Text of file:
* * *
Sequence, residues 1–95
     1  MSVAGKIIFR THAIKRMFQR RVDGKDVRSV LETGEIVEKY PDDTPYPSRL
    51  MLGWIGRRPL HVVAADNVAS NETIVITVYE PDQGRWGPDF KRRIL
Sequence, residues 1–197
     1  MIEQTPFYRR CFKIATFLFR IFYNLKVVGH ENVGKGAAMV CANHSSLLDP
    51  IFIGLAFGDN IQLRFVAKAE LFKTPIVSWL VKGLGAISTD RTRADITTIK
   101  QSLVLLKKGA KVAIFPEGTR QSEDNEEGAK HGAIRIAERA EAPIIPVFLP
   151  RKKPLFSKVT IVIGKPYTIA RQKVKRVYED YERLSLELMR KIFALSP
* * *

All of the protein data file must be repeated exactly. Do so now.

Sequence, residues 1–95
     1  MSVAGKIIFR THAIKRMFQR RVDGKDVRSV LETGEIVEKY PDDTPYPSRL
    51  MLGWIGRRPL HVVAADNVAS NETIVITVYE PDQGRWGPDF KRRIL
Sequence, residues 1–197
     1  MIEQTPFYRR CFKIATFLFR IFYNLKVVGH ENVGKGAAMV CANHSSLLDP
    51  IFIGLAFGDN IQLRFVAKAE LFKTPIVSWL VKGLGAISTD RTRADITTIK
   101  QSLVLLKKGA KVAIFPEGTR QSEDNEEGAK HGAIRIAERA EAPIIPVFLP
   151  RKKPLFSKVT IVIGKPYTIA RQKVKRVYED YERLSLELMR KIFALSP